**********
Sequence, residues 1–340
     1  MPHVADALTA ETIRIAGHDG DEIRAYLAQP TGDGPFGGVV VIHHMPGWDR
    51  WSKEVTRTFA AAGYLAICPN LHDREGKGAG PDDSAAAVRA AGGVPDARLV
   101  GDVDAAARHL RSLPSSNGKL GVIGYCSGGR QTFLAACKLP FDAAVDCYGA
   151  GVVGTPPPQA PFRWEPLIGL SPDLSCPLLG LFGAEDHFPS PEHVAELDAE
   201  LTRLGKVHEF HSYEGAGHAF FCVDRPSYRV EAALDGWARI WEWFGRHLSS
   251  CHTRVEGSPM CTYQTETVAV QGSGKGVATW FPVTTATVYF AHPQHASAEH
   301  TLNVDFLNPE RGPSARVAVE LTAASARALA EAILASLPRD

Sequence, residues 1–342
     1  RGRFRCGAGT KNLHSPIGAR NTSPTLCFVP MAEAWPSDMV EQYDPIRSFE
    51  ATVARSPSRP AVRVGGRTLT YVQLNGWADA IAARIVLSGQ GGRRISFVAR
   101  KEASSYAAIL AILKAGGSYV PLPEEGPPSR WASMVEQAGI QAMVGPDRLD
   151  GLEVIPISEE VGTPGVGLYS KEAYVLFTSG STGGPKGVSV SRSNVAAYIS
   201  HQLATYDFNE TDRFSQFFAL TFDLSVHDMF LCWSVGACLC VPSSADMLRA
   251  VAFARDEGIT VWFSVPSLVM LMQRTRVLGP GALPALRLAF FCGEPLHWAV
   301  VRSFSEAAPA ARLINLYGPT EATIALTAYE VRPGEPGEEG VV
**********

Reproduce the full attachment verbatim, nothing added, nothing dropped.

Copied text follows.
Sequence, residues 1–340
     1  MPHVADALTA ETIRIAGHDG DEIRAYLAQP TGDGPFGGVV VIHHMPGWDR
    51  WSKEVTRTFA AAGYLAICPN LHDREGKGAG PDDSAAAVRA AGGVPDARLV
   101  GDVDAAARHL RSLPSSNGKL GVIGYCSGGR QTFLAACKLP FDAAVDCYGA
   151  GVVGTPPPQA PFRWEPLIGL SPDLSCPLLG LFGAEDHFPS PEHVAELDAE
   201  LTRLGKVHEF HSYEGAGHAF FCVDRPSYRV EAALDGWARI WEWFGRHLSS
   251  CHTRVEGSPM CTYQTETVAV QGSGKGVATW FPVTTATVYF AHPQHASAEH
   301  TLNVDFLNPE RGPSARVAVE LTAASARALA EAILASLPRD

Sequence, residues 1–342
     1  RGRFRCGAGT KNLHSPIGAR NTSPTLCFVP MAEAWPSDMV EQYDPIRSFE
    51  ATVARSPSRP AVRVGGRTLT YVQLNGWADA IAARIVLSGQ GGRRISFVAR
   101  KEASSYAAIL AILKAGGSYV PLPEEGPPSR WASMVEQAGI QAMVGPDRLD
   151  GLEVIPISEE VGTPGVGLYS KEAYVLFTSG STGGPKGVSV SRSNVAAYIS
   201  HQLATYDFNE TDRFSQFFAL TFDLSVHDMF LCWSVGACLC VPSSADMLRA
   251  VAFARDEGIT VWFSVPSLVM LMQRTRVLGP GALPALRLAF FCGEPLHWAV
   301  VRSFSEAAPA ARLINLYGPT EATIALTAYE VRPGEPGEEG VV